The hand spreadable urethane surface coating product of the present invention is comprised of two non-aqueous liquid compositions. The first composition comprises at least one aliphatic acrylic urethane resin prepolymer. The prepolymer preferably is maintained in a pourable liquid state by the presence in the composition a diluent or solvent. Preferred diluents or solvents are acetates, ketones, or hydrocarbons, and mixtures thereof.
A particularly preferred acetate for this purpose is n-butyl acetate, a particularly preferred ketone is methyl n-amyl ketone and a particularly preferred hydrocarbon is xylene. Another acetate, which may be present in an amount of approximately 10 percent by weight of n-amyl acetate when present, is n-propyl acetate. Similarly, a lesser amount of methyl isobutyl ketone may be included when methyl n-amyl ketone is present, in a ratio by weight of approximately 100 parts of the latter to 2 parts of the former.
The first liquid composition is available as Product 3505C184 aliphatic acrylic urethane liquid composition provided by the North American Polymer Company, Ltd., 4426 N. Ravenswood Avenue, Chicago, Ill. 60640.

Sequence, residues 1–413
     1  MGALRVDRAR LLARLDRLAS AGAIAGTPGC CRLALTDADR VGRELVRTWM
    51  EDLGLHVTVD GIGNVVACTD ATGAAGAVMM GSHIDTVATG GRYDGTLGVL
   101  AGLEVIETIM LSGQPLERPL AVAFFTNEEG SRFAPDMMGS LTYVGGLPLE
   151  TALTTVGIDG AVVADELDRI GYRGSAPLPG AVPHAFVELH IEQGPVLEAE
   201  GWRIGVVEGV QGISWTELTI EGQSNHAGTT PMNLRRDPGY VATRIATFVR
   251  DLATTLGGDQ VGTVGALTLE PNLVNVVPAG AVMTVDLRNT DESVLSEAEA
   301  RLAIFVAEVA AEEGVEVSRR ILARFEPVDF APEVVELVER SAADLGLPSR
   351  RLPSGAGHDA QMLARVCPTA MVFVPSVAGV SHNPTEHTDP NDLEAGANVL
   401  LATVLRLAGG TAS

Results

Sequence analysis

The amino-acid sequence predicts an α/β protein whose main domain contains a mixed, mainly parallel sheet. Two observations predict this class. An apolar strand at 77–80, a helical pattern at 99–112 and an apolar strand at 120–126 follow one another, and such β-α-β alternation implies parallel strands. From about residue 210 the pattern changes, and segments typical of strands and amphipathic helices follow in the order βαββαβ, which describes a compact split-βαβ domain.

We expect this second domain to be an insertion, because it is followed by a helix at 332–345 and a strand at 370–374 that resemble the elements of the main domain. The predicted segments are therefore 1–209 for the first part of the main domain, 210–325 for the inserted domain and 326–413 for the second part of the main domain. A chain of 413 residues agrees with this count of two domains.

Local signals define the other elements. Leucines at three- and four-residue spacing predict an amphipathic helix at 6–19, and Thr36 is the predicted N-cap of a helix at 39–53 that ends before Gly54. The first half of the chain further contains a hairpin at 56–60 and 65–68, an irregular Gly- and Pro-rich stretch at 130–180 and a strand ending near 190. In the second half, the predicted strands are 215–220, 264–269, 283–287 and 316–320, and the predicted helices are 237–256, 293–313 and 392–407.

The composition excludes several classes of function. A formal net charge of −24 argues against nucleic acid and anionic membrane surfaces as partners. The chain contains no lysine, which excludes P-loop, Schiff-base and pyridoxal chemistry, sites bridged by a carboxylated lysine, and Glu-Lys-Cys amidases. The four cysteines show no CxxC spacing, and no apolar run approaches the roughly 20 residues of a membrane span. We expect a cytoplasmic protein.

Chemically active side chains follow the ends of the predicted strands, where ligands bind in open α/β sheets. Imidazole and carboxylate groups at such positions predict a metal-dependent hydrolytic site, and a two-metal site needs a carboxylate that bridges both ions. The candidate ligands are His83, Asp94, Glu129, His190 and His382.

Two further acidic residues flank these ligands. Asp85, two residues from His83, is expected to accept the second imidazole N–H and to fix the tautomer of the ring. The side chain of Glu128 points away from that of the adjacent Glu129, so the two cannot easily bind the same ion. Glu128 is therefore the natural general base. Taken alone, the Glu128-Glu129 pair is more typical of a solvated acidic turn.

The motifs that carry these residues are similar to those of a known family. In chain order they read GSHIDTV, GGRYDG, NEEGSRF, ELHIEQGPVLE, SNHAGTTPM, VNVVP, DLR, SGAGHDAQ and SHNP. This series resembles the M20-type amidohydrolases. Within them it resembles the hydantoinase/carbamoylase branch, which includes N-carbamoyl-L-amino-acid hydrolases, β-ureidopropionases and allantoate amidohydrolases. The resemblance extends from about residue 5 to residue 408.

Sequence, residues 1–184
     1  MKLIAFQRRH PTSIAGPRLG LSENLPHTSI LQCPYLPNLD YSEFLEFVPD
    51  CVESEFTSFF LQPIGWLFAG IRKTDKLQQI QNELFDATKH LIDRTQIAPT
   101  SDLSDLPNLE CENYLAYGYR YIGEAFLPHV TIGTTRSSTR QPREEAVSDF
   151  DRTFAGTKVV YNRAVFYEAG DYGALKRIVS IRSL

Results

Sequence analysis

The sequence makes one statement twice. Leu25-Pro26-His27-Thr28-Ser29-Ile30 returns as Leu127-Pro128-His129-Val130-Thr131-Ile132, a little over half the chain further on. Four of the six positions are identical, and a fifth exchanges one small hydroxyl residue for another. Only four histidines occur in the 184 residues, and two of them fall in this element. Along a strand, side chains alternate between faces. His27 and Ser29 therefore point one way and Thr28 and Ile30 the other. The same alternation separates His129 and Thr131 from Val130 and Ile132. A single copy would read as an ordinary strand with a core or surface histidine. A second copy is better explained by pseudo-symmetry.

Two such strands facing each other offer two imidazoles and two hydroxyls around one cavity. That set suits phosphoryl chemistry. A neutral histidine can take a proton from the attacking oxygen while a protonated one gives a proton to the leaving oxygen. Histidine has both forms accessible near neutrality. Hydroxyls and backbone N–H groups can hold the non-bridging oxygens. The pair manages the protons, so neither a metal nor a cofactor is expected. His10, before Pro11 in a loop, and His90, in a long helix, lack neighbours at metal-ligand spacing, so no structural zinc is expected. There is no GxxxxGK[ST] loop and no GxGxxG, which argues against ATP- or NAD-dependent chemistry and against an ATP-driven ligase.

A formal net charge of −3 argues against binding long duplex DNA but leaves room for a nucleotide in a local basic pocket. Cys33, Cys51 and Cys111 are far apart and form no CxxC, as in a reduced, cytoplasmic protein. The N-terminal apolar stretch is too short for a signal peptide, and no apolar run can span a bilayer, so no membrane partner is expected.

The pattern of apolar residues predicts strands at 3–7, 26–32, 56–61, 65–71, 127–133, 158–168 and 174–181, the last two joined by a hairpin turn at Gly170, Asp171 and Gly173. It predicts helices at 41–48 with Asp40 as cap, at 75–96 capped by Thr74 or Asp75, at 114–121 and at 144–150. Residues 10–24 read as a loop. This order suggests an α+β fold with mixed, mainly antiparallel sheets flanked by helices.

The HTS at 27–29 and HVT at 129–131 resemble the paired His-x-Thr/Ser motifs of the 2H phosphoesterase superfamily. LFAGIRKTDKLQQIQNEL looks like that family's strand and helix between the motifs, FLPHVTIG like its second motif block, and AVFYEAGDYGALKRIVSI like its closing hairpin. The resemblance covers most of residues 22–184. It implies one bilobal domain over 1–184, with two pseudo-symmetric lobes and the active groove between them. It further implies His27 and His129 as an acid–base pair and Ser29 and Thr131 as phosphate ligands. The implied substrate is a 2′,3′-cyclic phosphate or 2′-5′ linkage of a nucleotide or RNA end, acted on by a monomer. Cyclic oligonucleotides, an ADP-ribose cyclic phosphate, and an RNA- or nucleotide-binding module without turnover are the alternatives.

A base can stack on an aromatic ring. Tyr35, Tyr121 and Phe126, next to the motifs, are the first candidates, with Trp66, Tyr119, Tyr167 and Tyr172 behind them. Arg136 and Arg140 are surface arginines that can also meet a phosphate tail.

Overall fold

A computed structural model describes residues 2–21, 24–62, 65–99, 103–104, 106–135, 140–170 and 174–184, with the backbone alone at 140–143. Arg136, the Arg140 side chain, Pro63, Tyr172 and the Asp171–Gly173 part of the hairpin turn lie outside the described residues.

The second composition comprises a cross-linking agent for the urethane resin prepolymer. The preferred crosslinking agent is an isocyanate having more than two functional groups. The second composition further preferably comprises at least one acetate selected from the group consisting of propyl 2-methoxypropanol (PM) acetate, n-buytl acetate, ethyl acetate and mixtures thereof, and a fluoroaliphatic polymeric ester. The second composition preferably further includes a solvent or diluent compatible with the crosslinking agent. The preferred solvent or diluent for this purpose is a mixture of glycol ether acetate and a ketone, in a proportion of from equal parts to a ratio of 30% of one ingredient to 100% of the other ingredient. Most preferably the preferred solvent or diluent is present in a ratio of twice as much solvent or diluent by weight to the other ingredients in the composition.
The second liquid composition is available as Product3505C194 Urethane Crosslinker also provided by the North American Polymer Company Ltd.
The resultant product, upon the mixing of the first and second liquid compositions and applying the product in accordance with the method described herein provides a substantially smooth, even and durable surface to the pre-existing surface of the fixture, with the scratches and/or cracks in the pre-existing surface filled, with the new surface being aesthetically pleasing.
The preferred embodiments of the method of the present invention are generally schematically illustrated in FIG. 1, which will be referenced herein. The method generally comprises first cleaning the surface to be restored, i.e. covered, as illustrated in the box designated as CLEAN. The cleaning step generally preferably may include scrubbing the surface to remove dirt, residue and oils, and a commercially available industrial strength cleaning composition, available in most supermarkets and plumbing supply stores is recommended for this step.